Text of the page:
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Finland Officially Becomes 31st NATO Member

Finland officially became the 31st member of the NATO military alliance Tuesday, an event brought on by the shock of Russia’s aggression in eastern Europe, according to Reuters.

Finland and Sweden reversed a decades-long nonalignment policy after Russia invaded Ukraine in February 2022, beginning the process of seeking entry to the alliance that requires all members to come to the defense of any one attacked in May, Reuters reported. NATO members ratified Finland’s entrance on Thursday, sparking threats of “countermeasures” from Moscow.

“Not so many years ago we thought it was unthinkable that Finland would become a member. Now they will be a fully-fledged member of our alliance and that is truly historic,” NATO Secretary-General Jens Stoltenberg said, according to AFP.

“We are removing the room for miscalculation in Moscow about NATO’s readiness to protect Finland, and that makes Finland safer,” he added.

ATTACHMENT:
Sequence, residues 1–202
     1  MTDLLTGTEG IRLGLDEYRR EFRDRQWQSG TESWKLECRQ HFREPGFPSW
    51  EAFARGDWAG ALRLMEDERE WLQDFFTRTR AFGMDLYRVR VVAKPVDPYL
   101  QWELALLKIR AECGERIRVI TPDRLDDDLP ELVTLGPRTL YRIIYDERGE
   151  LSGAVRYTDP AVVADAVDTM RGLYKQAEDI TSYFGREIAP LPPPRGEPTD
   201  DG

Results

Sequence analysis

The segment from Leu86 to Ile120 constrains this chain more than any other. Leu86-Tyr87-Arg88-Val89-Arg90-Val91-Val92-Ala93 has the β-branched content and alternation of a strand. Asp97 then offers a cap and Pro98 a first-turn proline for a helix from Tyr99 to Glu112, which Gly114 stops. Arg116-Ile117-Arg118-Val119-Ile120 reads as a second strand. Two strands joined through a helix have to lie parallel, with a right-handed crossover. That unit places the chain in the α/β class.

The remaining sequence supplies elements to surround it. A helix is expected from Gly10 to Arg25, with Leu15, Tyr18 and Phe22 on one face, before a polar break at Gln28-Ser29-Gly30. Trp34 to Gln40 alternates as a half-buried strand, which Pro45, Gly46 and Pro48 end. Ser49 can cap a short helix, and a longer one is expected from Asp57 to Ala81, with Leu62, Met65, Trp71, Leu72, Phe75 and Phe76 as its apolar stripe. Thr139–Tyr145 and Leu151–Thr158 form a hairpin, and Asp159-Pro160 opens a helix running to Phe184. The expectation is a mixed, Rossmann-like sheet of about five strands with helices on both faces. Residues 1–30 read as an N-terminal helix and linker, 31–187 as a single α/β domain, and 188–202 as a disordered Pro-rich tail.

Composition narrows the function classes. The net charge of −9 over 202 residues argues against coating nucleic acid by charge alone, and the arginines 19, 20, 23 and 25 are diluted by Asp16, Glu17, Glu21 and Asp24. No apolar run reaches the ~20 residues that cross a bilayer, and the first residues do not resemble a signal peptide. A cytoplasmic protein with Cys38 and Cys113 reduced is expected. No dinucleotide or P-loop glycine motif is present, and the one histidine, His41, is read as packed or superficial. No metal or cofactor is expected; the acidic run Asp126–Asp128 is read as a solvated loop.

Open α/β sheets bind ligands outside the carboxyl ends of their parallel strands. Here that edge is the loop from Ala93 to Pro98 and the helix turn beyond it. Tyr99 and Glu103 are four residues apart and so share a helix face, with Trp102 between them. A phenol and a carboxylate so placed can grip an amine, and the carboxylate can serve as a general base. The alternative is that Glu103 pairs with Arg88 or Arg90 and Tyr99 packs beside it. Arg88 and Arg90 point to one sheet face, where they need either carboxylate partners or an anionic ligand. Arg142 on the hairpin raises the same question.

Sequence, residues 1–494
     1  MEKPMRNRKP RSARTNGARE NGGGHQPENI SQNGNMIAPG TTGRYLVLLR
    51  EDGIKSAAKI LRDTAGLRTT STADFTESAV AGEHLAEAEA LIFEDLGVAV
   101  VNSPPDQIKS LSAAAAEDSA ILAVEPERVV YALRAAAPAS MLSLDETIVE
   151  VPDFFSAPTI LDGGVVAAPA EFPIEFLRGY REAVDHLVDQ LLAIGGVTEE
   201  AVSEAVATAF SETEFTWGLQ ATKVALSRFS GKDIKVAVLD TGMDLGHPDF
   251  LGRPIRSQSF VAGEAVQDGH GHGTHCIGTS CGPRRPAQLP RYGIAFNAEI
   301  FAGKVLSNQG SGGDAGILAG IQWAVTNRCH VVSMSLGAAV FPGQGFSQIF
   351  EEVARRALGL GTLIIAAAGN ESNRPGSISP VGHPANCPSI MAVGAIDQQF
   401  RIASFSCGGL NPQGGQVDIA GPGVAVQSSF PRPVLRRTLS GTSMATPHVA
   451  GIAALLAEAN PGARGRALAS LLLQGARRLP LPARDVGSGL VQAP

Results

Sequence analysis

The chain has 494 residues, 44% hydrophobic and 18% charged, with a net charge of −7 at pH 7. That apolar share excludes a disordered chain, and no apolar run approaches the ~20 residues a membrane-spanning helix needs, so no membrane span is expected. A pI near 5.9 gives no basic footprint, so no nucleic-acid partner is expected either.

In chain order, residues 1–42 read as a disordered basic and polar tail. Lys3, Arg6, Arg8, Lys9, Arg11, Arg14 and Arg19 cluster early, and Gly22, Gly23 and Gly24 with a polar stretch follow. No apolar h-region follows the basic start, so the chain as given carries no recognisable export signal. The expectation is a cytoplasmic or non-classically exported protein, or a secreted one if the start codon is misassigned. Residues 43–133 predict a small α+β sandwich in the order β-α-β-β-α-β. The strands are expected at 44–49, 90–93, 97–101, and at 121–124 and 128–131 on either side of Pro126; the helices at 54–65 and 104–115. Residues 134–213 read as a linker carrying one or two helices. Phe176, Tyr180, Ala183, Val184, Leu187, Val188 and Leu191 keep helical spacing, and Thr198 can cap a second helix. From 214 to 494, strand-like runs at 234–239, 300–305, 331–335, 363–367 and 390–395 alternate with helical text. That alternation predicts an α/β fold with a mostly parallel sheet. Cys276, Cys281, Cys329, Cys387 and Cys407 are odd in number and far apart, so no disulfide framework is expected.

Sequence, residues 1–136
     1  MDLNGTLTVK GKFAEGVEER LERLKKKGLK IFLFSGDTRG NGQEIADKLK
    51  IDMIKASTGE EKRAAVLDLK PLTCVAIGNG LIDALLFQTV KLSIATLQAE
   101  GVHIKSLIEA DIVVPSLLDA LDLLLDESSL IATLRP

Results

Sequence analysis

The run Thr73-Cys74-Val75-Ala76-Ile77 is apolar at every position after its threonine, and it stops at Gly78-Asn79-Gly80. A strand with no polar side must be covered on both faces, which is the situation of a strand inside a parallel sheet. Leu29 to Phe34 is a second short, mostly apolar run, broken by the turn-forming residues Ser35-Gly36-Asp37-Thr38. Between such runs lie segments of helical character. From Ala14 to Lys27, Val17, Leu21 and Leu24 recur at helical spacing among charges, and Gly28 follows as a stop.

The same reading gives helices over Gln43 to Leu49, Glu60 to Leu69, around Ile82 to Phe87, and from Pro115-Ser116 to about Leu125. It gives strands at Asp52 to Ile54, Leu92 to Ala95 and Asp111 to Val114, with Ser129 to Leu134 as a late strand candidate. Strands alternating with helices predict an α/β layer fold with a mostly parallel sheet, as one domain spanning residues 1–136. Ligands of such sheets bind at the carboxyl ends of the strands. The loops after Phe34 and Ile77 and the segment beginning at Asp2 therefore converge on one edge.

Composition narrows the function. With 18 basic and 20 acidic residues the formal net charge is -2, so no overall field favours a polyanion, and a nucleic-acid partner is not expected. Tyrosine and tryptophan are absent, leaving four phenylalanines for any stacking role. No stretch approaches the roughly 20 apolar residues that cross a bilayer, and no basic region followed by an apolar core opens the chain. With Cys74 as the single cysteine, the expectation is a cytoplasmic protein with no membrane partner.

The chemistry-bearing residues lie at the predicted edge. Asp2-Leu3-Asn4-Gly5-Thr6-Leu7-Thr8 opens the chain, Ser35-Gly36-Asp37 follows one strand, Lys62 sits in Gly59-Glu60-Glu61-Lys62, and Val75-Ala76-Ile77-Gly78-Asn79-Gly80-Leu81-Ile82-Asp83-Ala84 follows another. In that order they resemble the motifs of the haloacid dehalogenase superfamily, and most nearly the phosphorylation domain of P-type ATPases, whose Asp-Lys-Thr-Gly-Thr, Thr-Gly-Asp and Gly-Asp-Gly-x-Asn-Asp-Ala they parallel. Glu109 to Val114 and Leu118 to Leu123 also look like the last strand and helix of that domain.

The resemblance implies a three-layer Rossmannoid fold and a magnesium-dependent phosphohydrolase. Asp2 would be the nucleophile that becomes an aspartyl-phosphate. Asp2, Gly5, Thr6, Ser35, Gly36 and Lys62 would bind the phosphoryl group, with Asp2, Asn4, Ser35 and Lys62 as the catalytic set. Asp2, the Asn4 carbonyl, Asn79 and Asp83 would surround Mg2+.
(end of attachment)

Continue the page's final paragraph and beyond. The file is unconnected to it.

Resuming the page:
Russian President Vladimir Putin cited NATO expansion as one of the justifications for invading Ukraine, Reuters reported. Any expansion of NATO represented an “encroachment on our security and on Russia’s national interests.”

In response to Finland’s official entry, Moscow warned that the move could increase the possibility of conflict intensifyingin Ukraine and potentially spilling over into NATO territory, according to Reuters. Russia will strengthen its military capacity in western regions of the country, defense minister Sergei Shoigui said.

Finland’s accession doubles the length of border Russia shares with NATO, according to Reuters.

Finland has one of Europe’s most powerful militaries and largest weapons arsenals but will not request NATO troops to be stationed on its territory, AFP reported.

Sweden hoped to join NATO concurrently with Finland, but members Turkey and Hungary have stalled its accession over disputes regarding alleged harboring of terrorists and what Hungarian President Victor Orban says is unfair criticism of his democratic record, according to Reuters.

Turkish President Recep Tayyip Erdogan announced earlier in March his country would ratify Finland’s accession, clearing the final hurdle for Helsinki to join the alliance’s 30 additional members after Orban lifted opposition earlier that month.

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